Remarkably, recapitalisation is backed by corrective or supportive measures by the bank management and employees. For this, government is signing a triparty memorandum of understanding with bank management and employee unions.
Table: recapitalization of PSBs since 2008-09
|Financial Year||Recapitalisation in Rs crores|
Source: CAG Report on Recapitalization, 2017
Recapitalistion effort announced by the government in 2017
The government has announced a major Recapitalisation drive on October 24, 2017 by utilizing three channels – budget, market borrowings and issue of recapitalisation bonds. As per the plan, a total of Rs 2.11 trillion will be injected into the PSBs so that they can meet the stressed asset problem at the earliest. Following are the three modes of fund mobilization under this recapitalization effort.
- Budgetary allocations: government will buy Rs 18,000 crore worth of public sector bank shares.
- Market Borrowings: PSBs will mobilise Rs 58,000 crore from the market through borrowings.
- Recapitalisation Bonds: Government will issue Bank Recapitalization Bonds worth Rs 1,35,000 crore which will be used to buy more shares in public sector banks.
The latest Recapitalisation effort of Rs 2.11 crores will rejuvenate the banking sector. This will help banks to extend fresh credits and to sort out the stressed asset problem to an extent. At the same time, recapitalisation is not indiscriminate as banks themselves must commit performance improvement measures by signing memorandum of understanding with the government.
In December 2018, the government has announced additional issue of Rs 41000 crores recapitalisation bonds. Whether the total recapitalisation amount will go above the Rs 2.11 lakh crores is not immediately clear. The additional bond issue is expected to compensate under realization of banks’ market borrowings (target Rs 58000 crores).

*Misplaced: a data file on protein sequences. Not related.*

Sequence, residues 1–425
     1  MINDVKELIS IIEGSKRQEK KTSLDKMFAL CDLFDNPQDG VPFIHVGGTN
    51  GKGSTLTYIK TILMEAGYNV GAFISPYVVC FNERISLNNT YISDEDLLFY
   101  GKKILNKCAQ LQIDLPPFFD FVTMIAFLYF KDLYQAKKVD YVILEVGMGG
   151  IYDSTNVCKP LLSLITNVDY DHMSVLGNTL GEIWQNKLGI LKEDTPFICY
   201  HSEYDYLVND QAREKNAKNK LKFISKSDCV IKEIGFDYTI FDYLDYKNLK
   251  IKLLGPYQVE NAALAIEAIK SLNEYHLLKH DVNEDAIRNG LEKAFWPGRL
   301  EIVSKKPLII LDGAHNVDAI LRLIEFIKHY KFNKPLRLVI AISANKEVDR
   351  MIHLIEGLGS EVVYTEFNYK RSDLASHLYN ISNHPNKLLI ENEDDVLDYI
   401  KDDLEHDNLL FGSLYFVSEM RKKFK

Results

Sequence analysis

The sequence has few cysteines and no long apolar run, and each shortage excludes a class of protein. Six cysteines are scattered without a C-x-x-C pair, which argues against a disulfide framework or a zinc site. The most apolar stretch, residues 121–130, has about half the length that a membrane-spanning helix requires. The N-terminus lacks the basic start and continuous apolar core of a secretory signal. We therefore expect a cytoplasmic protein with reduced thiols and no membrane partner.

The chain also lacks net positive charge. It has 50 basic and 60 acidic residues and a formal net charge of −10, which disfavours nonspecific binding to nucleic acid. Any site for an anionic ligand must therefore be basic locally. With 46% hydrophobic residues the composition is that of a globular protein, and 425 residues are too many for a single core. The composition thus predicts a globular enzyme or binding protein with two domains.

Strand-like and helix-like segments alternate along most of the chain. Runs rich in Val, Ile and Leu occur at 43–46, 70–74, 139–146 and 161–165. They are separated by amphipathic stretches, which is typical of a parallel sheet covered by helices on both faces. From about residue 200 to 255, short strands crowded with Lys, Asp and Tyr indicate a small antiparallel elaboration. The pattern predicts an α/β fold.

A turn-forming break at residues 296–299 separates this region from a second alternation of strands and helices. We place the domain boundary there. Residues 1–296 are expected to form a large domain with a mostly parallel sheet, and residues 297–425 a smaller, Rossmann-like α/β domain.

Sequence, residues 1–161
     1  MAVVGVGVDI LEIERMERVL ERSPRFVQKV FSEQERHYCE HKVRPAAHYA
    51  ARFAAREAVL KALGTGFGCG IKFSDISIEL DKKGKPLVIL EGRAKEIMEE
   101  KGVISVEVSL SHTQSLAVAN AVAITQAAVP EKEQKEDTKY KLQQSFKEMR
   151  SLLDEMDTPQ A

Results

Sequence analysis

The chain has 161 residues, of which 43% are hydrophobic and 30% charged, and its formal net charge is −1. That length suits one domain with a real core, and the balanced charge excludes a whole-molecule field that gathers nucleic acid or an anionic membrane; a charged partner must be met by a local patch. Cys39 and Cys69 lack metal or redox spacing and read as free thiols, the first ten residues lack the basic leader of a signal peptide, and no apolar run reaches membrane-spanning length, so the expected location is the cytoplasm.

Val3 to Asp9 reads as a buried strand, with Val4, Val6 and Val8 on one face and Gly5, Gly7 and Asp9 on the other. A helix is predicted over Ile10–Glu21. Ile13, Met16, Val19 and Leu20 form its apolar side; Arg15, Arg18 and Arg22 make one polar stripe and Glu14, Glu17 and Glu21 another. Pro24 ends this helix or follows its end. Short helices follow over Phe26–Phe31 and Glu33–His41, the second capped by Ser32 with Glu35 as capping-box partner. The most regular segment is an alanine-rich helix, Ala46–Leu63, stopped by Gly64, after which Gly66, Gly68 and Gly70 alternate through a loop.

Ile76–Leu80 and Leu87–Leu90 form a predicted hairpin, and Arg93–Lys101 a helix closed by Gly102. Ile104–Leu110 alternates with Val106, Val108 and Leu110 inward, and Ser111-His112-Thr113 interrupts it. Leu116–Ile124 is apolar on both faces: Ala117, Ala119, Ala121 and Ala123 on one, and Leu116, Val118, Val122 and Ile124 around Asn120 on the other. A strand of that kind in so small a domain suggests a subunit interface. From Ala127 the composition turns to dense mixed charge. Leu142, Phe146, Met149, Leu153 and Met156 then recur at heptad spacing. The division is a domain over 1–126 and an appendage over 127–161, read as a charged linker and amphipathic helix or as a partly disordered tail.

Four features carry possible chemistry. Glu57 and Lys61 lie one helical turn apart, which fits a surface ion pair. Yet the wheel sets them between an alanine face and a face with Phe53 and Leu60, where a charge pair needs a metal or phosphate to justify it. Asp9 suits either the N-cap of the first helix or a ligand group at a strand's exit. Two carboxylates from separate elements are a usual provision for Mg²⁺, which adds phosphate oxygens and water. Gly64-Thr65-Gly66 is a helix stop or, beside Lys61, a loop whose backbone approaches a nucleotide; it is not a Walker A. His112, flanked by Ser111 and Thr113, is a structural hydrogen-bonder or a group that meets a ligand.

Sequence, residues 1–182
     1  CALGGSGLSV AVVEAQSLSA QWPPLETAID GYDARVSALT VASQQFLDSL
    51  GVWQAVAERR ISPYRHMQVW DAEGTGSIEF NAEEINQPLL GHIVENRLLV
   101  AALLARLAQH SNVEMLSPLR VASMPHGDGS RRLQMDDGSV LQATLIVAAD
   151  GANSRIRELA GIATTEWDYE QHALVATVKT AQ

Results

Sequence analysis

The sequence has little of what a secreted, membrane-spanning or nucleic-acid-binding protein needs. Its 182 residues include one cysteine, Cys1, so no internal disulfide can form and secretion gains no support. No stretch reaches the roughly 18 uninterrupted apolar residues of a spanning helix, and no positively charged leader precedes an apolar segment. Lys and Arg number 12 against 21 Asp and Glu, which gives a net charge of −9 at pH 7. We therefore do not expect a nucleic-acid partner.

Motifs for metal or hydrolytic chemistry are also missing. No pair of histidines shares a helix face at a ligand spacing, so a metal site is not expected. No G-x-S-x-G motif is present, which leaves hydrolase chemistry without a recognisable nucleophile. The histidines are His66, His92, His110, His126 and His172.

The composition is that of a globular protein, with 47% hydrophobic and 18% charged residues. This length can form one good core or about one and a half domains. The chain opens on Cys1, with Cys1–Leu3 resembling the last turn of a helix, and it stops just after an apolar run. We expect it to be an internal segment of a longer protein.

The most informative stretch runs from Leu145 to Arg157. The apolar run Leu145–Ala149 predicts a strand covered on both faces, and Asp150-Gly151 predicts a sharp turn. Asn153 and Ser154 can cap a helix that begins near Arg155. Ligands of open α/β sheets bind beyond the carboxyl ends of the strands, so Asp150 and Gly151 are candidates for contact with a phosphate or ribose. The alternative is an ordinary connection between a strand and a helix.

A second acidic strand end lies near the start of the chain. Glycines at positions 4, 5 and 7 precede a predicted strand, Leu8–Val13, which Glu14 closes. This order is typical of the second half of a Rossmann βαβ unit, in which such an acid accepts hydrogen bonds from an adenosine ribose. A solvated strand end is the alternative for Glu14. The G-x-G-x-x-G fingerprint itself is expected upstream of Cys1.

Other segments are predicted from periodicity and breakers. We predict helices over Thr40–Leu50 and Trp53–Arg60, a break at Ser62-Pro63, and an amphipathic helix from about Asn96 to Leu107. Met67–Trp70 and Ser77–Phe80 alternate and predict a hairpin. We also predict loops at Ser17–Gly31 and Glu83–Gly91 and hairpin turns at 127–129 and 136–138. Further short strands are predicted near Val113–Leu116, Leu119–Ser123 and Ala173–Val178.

Memorandum of Understanding
For recapitalisation, a triparty Memorandum of Understanding has to be signed between the Government, PSB management and the employee unions for making recapitalisation performance based.
Already, 11 PSBs have signed MoUs with Department of Financial Services (for performance linked capital infusion) since 2012 for improving their performances while obtaining the recapitalisation fund.
From 2014-15 onward, there was a shift from ‘need based’ to ‘performance based’ capital infusion, with return on assets being used as the basic criteria for capital infusion.
The government has launched the initiative of EASE to reform the PSBs along with recapitalisation. EASE – Enhanced Access and Service Excellence, focuses on six themes of customer responsiveness, responsible banking, credit off take, PSBs as Udyami Mitra, deepening financial inclusion and digitization and developing personnel for brand PSB. According to the government, the overarching framework for the reforms agenda is realize “Responsive and Responsible PSBs”.